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Scrambling the Equations: Potential Trends in Networking
Pages: 1, 2

Everyone Will Adopt Encryption and Digital Signatures

The growing focus on peer-to-peer, and on individual responsibility for security within small groups of individuals who know each other, fits perfectly with the "Web of Trust" approach used in informal PKI systems such as PGP (Pretty Good Privacy, a popular program used to encrypt and decrypt email over the Internet).



Various projections about how people will maintain online identities include fully traceable identities (where you are responsible in your real life for everything your online persona does), the opposite concept of complete anonymity, and a kind of balance called pseudonymity, where you can create multiple identities and each is responsible only for its own behavior.

I think people will increasingly opt for something different from all three systems; something more relaxed and natural.

Some application designers I've talked to suggest that online correspondents often want to know just one important thing about you. For instance, if you are negotiating on behalf of a client, the correspondents want some guarantee that the client really has appointed you as its representative. Once you furnish that, you can join their shared space with validated identities and encrypted communications. Rather than big, centralized, massively bureaucratic certificate authorities, a plethora of smaller organizations may develop which understand how to certify particular people in particular dealings.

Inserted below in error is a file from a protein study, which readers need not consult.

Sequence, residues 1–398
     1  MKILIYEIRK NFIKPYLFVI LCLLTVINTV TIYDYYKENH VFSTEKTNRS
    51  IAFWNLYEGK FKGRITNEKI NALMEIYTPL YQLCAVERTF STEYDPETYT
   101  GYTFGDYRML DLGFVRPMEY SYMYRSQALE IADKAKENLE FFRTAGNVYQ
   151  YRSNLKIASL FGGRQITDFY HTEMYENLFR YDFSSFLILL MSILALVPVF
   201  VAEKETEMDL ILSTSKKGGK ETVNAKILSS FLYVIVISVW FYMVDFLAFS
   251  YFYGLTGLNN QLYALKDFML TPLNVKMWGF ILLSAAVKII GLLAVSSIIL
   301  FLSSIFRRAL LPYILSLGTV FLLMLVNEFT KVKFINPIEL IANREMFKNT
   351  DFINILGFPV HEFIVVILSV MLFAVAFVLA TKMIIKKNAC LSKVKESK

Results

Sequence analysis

Perhaps a hierarchy of certificate authorities will develop, with very general-purpose organizations offering careful accounting procedures at the top, and more informal organizations below. However, the more complex a security system gets, the more subject it is to breaches and abuses.

So download PGP and start developing your Web of Trust today. (I admit I have been laggard in this regard.)

Trust Violations Will Emerge As a New category of Crime

Certificate authorities and digital signatures can't prevent every instance of masquerading or of false claims to authority. The Federal Trade Commission is already heavily involved in prosecuting fraud online; this is a new area they will have to tackle.